JUNE 2021: 1979 DODGE MAGNUM–DON’T LET THE NAME FOOL YOU–THIS IS THE BRAZIL VERSION.

0
797

South America is full of cars that never saw the streets of North America, because they were built specifically in South America for the South American market.

That’s why you have to forget everything you learned about the Dodge Magnum–the Brazilian version was a different animal.

Jerry Sutherland

Jörg Dreisewerd is the proud owner of a 1979 Dodge Magnum, but it’s nothing like the more familiar North American version. This car clearly has mid-70s A-body Dart/Plymouth Valiant sheet metal at the back end, but the front end is pure South American.

Jörg became the new owner of this classic wagon thanks to the oldest game in the car hobby–he did a horse trade. He explained: “I swapped this car with a friend of mine. I was living in Panama at the time and returning to Brazil and he just arrived–I had a 1974 Challenger in Panama, great car but no market to sell it at a reasonable price, so we swapped them”.

These cars are rare for many reasons: “The Dodge Magnum was the top-of-the-line Dodge.  In the beginning of the 70s they sold well, but in total there were only about 90K Dodges produced in the whole period (all models)”.

Jörg explained more about his Magnum: “In general, cars in Brazil are rather low-optioned, but mine has a good package with AC and automatic transmission. All Brazilian Dodges were A-bodies, but they were quite creative and made a lot of them. All are 318”.

“They were popular, but it was already at the end of the Chrysler experiment in Brazil. The oil crisis pretty much ended everything, but the Magnum has a 107-liter tank so that people could use it on the weekends. These were extremely expensive cars in Brazil“.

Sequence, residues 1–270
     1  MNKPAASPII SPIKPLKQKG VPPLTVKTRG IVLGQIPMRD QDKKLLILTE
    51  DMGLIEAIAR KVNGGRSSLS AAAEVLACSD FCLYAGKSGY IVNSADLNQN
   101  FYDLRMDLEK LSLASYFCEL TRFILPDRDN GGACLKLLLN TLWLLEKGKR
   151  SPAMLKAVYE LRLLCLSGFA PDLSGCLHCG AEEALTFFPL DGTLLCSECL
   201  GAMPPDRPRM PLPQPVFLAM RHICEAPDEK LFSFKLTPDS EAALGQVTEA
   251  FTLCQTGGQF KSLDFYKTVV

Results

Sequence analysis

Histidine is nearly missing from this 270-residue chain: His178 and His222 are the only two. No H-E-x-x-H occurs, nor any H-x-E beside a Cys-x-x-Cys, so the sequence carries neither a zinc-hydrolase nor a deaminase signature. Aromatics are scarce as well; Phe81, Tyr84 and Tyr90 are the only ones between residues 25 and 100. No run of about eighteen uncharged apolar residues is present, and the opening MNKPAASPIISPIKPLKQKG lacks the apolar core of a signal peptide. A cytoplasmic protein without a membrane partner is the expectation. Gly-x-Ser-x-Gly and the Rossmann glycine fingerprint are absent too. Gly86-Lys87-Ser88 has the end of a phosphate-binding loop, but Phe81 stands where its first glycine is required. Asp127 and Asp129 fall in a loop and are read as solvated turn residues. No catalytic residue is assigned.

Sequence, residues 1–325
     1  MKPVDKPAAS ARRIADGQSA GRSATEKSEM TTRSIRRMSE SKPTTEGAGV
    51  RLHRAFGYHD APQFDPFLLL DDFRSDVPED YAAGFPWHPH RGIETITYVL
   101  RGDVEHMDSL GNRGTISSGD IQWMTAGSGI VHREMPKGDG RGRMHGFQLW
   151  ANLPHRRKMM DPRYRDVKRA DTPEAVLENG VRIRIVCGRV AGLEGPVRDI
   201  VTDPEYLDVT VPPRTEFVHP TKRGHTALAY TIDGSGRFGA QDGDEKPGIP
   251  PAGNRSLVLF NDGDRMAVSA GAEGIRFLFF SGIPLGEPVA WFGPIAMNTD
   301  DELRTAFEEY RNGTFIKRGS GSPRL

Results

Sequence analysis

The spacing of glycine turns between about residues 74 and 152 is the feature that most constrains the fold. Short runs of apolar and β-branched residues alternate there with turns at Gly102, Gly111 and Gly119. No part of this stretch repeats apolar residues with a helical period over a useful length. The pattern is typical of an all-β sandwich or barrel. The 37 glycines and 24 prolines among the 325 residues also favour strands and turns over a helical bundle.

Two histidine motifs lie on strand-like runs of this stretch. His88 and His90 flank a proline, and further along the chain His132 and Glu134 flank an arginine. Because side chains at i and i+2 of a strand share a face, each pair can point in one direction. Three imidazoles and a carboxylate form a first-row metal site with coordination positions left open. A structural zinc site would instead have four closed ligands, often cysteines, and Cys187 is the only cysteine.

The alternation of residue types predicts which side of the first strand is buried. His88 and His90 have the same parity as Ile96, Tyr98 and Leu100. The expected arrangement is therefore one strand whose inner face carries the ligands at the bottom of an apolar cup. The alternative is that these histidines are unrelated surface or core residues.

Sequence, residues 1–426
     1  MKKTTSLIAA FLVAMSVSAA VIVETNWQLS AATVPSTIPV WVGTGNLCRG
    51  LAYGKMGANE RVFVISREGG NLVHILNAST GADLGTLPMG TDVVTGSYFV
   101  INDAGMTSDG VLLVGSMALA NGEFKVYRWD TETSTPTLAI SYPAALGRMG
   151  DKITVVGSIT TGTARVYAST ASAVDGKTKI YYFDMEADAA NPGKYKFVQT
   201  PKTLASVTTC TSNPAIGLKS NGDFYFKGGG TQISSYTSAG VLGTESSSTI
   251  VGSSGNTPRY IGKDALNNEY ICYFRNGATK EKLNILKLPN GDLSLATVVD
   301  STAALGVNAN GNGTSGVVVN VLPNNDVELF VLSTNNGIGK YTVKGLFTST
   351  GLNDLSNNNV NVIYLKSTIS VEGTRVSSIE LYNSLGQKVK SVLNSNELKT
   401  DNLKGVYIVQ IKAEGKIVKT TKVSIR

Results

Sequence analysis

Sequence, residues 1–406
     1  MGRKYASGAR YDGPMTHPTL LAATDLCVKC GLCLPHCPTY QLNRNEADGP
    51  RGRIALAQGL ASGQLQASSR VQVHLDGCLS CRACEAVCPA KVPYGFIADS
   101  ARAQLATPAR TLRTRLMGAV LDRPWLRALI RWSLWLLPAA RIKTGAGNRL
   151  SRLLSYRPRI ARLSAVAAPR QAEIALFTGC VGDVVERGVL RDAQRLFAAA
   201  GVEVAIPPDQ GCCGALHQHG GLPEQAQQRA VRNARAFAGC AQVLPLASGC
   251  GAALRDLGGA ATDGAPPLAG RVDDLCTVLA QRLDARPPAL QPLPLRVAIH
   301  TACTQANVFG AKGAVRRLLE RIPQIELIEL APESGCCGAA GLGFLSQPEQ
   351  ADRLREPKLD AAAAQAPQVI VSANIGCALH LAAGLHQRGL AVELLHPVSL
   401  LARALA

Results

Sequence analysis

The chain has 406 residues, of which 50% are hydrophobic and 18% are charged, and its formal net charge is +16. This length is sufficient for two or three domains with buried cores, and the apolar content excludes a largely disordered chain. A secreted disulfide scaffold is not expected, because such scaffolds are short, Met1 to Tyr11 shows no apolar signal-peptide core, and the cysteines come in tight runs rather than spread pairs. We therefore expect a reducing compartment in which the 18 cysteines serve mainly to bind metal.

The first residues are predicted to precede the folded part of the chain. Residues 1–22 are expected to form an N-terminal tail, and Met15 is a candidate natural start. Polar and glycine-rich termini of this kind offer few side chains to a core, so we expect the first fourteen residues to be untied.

The Magnum was a good starting point, but like every old car, it needed some detailing: “This car wasn’t original–I brought it back to original specs; it needed a bit of bodywork and paint as well a full mechanical makeover and vinyl roof. The steering wheel and the small instruments close to the gear selector are not original. The original steering wheel looks terrible”.

He’s very happy with the Magnum at this point but he has a few reservations: “These cars have very nice interiors and it’s a very nice car to drive also but this car with 3 small kids with children, car seats etc, is a bit small”.

The appeal of old iron is universal in every part of the world and Jörg sees this every time he drives his ’79 Magnum: “They (Brazilians) love that car too—especially as many older people still remember it. People here are crazy for classic cars. Absolutely–the Mopars are quite rare, so the value of the Mopars has gone up a lot, especially since Covid started. It was already quite high, before but the last months are crazy”.

Throw in the rare South American car factor and Jörg may have pulled off the best horse trade ever for his ’74 Challenger.   

Jerry Sutherland

By: Jerry Sutherland

Jerry Sutherland is a veteran automotive writer with a primary focus on the collector car hobby. His work has been published in many outlets and publications, including the National Post, Calgary Herald, Edmonton Journal, Ottawa Citizen, Montreal Gazette, Saskatoon StarPhoenix, Regina Leader-Post,  Vancouver Sun and The Truth About Cars. He is also a regular contributor to Auto Roundup Publications.

Please re-post this if you like this article

SPONSORS